Debt collectors claim you are personally liable for your spouse, or ex-spouse’s, debts.
That’s a (convenient) lie.
California community property law is complicated.
I get it.
It shouldn’t surprise me that debt collectors don’t understand community property.
Or maybe, they find it inconvenient to understand. Or maybe, they deliberately distort the law.
Collector expands spousal liability
A client reported that her ex husband had been told by a debt collector that the former marriage made him personally liable for his exwife’s debts.
There must be an emphatic, yet polite, word for b***s****.
Wish I knew the word… “Balderdash” seems so weak.
In my most generous view, this could be debt collectors from outside of California who are clueless about community property law. Or, more realistically, they’ll say whatever they think will scare a payment out of someone.
What California spouses owe
For the record, living in a community property state such as California does not make each spouse personally liable for the contractual debts incurred by their spouse.
If your spouse in California takes out a credit card and runs up a balance, you are not liable to the card issuer for the debt. The community property is liable for the debt, but you are not liable. That includes the community property that you’ve earned.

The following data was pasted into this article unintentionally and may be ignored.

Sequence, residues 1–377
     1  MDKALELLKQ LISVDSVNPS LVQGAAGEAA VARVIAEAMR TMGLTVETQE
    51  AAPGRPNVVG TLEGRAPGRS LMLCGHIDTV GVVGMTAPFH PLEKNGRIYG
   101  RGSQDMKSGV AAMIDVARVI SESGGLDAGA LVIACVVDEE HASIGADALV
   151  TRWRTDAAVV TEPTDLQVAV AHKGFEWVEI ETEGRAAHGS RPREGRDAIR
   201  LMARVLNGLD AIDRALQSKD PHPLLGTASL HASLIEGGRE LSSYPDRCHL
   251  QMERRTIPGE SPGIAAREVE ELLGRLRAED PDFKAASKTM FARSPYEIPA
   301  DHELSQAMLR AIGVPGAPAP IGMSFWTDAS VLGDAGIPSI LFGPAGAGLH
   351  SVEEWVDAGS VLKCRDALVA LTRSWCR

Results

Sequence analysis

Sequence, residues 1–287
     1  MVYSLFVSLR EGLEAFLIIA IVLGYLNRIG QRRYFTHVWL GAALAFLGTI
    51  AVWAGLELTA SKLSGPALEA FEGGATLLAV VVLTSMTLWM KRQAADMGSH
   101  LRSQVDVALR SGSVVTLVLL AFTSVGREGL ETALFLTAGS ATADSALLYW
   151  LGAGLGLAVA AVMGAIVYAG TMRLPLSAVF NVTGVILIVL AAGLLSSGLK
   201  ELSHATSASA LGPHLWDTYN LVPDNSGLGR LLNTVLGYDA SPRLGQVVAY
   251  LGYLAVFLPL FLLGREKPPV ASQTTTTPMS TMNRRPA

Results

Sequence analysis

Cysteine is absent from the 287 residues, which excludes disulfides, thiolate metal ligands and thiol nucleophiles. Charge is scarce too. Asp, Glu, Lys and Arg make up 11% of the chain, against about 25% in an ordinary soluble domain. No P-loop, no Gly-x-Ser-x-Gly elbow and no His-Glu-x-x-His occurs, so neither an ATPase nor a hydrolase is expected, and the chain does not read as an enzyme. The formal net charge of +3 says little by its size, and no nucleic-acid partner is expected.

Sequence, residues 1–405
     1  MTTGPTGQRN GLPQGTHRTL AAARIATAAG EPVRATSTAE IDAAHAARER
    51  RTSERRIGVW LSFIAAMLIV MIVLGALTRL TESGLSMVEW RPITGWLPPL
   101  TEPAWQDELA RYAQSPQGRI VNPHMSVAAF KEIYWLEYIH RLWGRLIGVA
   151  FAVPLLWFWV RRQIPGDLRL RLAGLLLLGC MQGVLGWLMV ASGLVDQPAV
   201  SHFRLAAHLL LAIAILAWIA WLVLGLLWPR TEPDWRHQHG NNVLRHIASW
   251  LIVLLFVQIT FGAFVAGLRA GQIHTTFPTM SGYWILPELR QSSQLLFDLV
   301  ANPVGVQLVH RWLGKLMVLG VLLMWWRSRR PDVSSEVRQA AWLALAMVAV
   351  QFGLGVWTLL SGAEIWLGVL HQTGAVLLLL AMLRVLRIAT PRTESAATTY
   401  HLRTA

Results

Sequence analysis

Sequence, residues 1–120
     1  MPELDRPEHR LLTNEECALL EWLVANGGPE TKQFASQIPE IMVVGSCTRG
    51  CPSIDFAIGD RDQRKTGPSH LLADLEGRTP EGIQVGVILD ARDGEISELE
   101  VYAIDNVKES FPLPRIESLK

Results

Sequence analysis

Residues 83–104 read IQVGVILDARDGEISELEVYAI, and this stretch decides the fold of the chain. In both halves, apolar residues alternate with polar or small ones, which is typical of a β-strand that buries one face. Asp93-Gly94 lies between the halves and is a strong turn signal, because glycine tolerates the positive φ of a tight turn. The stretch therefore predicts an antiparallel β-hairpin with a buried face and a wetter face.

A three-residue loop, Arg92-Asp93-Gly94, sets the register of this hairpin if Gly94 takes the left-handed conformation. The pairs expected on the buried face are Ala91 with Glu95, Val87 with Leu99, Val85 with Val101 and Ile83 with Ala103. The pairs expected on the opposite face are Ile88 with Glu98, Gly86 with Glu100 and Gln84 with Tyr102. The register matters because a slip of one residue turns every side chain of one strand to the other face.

During the marriage, property that a married couple acquires is presumed to be community property. That community property includes your earnings as well as those of your spouse.
It may feel like community property law makes you personally liable, but here’s the distinction. That liability doesn’t follow you out of the marriage.
Death, divorce or a post post nuptial agreement with your spouse not to have community property ends whatever exposure the community had for your spouse’s debts.
If there is no community property, then only the person who contracted the debt is liable for it.
Don’t take legal advice from debt collectors
My client’s encounter with the “all-knowing ” debt collector is all too typical of collectors.
This is but one of the “whoppers” told by debt collectors.
Engage skepticism when dealing with this breed.
Or take notes, and check out the requirement that collectors tell the truth found in the Fair Debt Collection Practices Act and California’s Rosenthal Act.
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